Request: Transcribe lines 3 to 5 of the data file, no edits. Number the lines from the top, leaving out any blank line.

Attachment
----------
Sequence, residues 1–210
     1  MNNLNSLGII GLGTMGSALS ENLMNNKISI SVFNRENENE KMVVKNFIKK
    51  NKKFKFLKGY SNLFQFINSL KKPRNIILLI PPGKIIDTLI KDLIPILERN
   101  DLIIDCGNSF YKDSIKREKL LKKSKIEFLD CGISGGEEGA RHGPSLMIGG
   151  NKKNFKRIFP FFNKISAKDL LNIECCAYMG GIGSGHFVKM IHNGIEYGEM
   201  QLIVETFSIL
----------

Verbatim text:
    51  NKKFKFLKGY SNLFQFINSL KKPRNIILLI PPGKIIDTLI KDLIPILERN
   101  DLIIDCGNSF YKDSIKREKL LKKSKIEFLD CGISGGEEGA RHGPSLMIGG
   151  NKKNFKRIFP FFNKISAKDL LNIECCAYMG GIGSGHFVKM IHNGIEYGEM